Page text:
Ramadan Day 13 – It’s a Privilege


 

what is most heartbreaking
about an obsession with beauty,
is that it begins with a belief
that something is ugly
-nayyirah waheed

 


 

Do you want to be a mother?

 

Right now, I’m up to my ears in babies. Sperm banks don’t give you pictures of the donor. Not as an adult anyway. They give you baby picture(s) of varying quality, as supplied by the donor.

 

I’ve never been the kind of person who squeals every time she’s in the presence of a baby. I like them, and I know I’ll love mine. But yours are usually just okay. Unless I know you, in which case your baby probably did make me squeal. When I know that a part of you walks around in the world, I’m happy.

 

I once thought to myself that I should license and create a domain uglybabies.com because there’s nothing wrong with a baby not looking like it should be cast on pampers.com. Beauty truly is in the eye of the beholder, and never has that been truer than when using a sperm bank.

 

It’s like asking somebody who doesn’t have a sweet tooth to run into the candy shop and pick the best candy.

 

I told someone, either my sister or Bollywood Heartthrob, “What am I supposed to do? It’s not like I’m trying to date these guys. I’m not sure how to pick. Am I supposed to go with a deep attraction or feeling or something?”

“Nope, definitely not. They’re babies!”

Ok, that was confusing.

 

Right now, my obsession is with dimples. If I pick a guy with dimples will my baby have dimples? I always used to want the one my sister has. My nephew fell off of a night table when he was young and now he has a dimple too.

 

Once my family went to Monterey and had clam chowder without me. But they didn’t want me to feel left out. They came back from the wharf with a picture of me, my sister, and my brother mashed together and hung it on the fridge. It would be what our child would look like? Yes, I know my family is weird, and in our defense, so is yours.

 


 

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photo credit: B.L.

 


 

I regret to inform you that the Lin mashup was frightening.

 

I wasn’t able to write yesterday. I had a terrible fight with a family member. Yes, during Ramadan. Yes, I totally lost my temper. Yes, I did it during a holy time. Yes, I feel some kind of way about that.

 

With family, we can treat somebody terribly. We can say things that we would never say to a lover or a friend or a colleague or even a stranger, because they’re not going anywhere. WE KNOW THIS. They’ll still be our sister or our brother or our parents the next day. Yet fighting with your family is one of the worst stressors we have.

 

Maybe it’s because we’re related that most of us never take the time to solve our underlying issues when it comes to family. We think that tomorrow or the next day we can deal with it. Your sister is never going to leave because she can’t. And before we know it, we have a year’s worth of tomorrow or the next day’s problems.

 

Before we know it, somebody has left

Even if you’re still in the same room

drinking orange juice and watching tv

 

I texted Bollywood Heartthrob who patiently waited for the full story of my family quarrel over text sobs. It’s probably one of the first times that I’ve ever truly felt comforted by a text exchange. Usually, I cringe inside when people ask me how I’m doing over text. I’m a writer, I want to say, we know how hard it is to convey feelings through words. How far away we always are from really knowing how another person is doing.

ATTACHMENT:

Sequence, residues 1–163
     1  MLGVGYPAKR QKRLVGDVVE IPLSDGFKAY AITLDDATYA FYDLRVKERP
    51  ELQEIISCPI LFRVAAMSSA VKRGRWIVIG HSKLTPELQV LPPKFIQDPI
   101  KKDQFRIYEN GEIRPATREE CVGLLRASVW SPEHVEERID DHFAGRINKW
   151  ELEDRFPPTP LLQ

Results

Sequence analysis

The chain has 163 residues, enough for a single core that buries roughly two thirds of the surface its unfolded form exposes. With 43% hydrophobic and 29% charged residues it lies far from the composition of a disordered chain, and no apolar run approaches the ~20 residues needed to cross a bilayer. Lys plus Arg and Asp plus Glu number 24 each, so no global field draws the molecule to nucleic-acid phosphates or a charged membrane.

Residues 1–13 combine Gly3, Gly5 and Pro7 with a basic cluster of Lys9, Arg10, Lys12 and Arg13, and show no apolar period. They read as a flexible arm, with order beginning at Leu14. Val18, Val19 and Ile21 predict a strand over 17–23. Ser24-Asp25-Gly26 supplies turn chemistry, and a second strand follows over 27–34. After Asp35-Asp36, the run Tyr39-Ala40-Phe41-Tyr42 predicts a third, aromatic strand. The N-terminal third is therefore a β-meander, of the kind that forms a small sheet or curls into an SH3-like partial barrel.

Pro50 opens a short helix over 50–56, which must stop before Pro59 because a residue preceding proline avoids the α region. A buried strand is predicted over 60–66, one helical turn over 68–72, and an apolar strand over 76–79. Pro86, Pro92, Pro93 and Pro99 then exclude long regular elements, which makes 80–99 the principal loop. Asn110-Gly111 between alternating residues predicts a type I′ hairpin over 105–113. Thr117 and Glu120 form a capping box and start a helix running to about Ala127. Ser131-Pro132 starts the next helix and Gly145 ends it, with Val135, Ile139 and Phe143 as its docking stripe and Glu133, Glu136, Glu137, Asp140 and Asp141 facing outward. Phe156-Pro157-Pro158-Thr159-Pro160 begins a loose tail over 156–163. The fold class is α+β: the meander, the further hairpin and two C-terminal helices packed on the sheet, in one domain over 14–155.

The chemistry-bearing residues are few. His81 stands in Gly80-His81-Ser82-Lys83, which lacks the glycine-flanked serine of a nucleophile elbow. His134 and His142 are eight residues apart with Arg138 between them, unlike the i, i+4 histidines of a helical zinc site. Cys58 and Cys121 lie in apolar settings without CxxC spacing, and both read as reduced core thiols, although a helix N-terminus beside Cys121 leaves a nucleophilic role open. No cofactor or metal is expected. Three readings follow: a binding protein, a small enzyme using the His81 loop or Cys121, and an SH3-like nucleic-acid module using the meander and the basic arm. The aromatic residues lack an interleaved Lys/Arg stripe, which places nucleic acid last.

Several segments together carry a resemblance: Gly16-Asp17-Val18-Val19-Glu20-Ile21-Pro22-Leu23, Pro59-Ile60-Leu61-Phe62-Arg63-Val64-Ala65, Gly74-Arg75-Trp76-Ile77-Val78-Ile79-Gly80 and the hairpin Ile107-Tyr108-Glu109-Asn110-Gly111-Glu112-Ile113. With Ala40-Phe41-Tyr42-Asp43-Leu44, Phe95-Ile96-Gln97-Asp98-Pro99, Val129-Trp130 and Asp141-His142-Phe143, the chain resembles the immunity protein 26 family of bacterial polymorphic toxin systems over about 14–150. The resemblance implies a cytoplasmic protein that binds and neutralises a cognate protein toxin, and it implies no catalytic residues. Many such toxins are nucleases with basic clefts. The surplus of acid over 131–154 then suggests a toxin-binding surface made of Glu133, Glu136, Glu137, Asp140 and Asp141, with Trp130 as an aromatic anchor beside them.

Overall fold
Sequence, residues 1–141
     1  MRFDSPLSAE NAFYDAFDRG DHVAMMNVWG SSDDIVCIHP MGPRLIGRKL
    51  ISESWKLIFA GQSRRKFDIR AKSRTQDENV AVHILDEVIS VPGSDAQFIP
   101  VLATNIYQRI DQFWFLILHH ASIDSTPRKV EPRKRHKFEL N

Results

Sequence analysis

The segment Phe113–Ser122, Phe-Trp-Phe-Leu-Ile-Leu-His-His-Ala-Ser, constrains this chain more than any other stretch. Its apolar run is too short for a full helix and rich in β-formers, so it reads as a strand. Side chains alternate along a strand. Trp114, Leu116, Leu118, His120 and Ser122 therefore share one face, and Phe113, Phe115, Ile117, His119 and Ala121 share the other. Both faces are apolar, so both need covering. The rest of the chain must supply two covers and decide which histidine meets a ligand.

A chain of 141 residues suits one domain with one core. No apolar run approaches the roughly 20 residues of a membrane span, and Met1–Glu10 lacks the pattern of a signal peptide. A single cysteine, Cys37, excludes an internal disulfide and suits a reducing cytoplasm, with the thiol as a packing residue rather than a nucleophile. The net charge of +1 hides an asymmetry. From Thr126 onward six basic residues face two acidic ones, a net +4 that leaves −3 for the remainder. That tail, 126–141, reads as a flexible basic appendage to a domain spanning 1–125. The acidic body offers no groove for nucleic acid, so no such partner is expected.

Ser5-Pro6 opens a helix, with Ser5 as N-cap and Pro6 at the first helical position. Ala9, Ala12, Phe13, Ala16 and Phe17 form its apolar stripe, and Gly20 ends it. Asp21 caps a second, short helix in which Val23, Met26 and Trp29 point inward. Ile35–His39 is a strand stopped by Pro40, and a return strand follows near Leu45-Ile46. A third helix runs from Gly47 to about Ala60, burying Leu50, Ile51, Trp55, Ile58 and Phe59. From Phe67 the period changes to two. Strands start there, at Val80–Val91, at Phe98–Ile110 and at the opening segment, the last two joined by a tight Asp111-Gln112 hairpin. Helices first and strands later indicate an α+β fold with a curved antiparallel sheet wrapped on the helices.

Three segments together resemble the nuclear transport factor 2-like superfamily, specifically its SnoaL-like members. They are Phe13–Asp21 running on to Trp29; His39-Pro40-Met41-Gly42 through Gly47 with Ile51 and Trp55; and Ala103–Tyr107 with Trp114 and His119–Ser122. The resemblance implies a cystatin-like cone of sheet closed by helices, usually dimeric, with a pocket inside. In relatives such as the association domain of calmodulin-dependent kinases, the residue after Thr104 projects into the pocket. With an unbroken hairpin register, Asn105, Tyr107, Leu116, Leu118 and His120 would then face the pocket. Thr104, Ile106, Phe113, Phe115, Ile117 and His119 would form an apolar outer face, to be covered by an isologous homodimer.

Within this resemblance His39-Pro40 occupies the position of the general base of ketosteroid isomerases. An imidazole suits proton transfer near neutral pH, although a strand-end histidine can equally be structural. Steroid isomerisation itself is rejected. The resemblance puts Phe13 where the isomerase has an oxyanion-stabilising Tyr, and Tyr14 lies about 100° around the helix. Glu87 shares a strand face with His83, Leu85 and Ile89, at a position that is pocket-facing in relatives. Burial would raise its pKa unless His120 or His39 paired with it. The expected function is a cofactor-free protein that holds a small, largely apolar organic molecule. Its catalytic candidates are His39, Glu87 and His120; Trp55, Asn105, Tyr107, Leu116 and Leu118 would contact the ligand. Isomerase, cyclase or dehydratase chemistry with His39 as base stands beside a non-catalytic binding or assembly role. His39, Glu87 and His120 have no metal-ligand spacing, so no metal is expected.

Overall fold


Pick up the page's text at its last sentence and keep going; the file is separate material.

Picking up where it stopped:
I knew that if I picked up the phone that I would start crying and wouldn’t be able to speak. Superstar said many comforting things, but in the middle of it all – this text floated out from her:

 

Being a member of a family is a privilege, not a right.

 

In so many ways, I’ve always taken it for granted that I love my family, and they love me. It’s something my father instilled in me repeatedly – you do everything for family. Reading it last night, that statement broke my heart a little. What does it take for someone to understand that family is a privilege?

 

Three sperm banks later, I’m ready to give the Bank a five and call it a day. Yes, I’ve decided, I would like to be straight and, especially, to have a hetero-normative life and relationship. I could deal with every part of it, I imagine, except the reality.

 

Here’s a proposed e-mail to the California Cryobank: Yo, you’re an institution. Could you just pick out somebody, anybody? P.S. Their ears can’t be bigger than mine because I’ve been feeling self-conscious all day about my ears. P.S.S. Also, it’d be nice if they weren’t flat-footed. P.S.S.S. If a family member has had a heart attack or cancer, that might not go so well with my genetics. P.S.S.S.S. What if they have childhood asthma? No. Addendum: Ok, this isn’t a requirement, but it’s a strong, strong preference. They can’t be allergic to cats or dogs. Because I am, and I don’t want my kid to have to suffer the way I have.

 

Go ahead, go down the google hole. I just gave you about thirty ways to sink yourself right in.

 

Irony #1: if I were picking an egg donor based on my family health history, I wouldn’t pick me.

 

One of my favorite donor comments (that my mom also enjoyed): “I’m donating my sperm because I know any child with my genes as a blueprint would be really lucky.”

 

The first play I ever acted in, I played a Korean egg donor based on a real-life person. (I may even have a picture floating around somewhere…) What is life without irony? I asked a friend of mine to consider donating sperm. As this friend processed his feelings about sperm donation, he began to have more and more reservations. It was a stressful situation in a difficult time, but of the many things I remember about that interaction, one thing stands out. He told me that he never wanted children so he didn’t want children out there from his sperm.

 

What is nature and what is nurture? You don’t screen for features or genetic testing in the same way when you’re using a partner’s sperm. When you’re a mom you can’t screen for nurture.

You have to assume evolution.

Deep down inside, not knowing what my baby is going to look like is killing me. I go back to that conversation with T about how it’s a crapshoot. I go back (again) to the night I told her that I wasn’t going to be able to use sperm from a friend.

 

“You know what it means letting someone you know, your friend, become a sperm donor?” she added. “It’s asking for drama! Who knows, 10 years from now, 5 years from now, if they don’t change their mind about being involved, it’s their parents. I mean, you’re making a lifetime commitment to this person. You should take advantage of one of the benefits of being a single mom. You don’t have to deal with anybody else’s shit when you make decisions about your children.”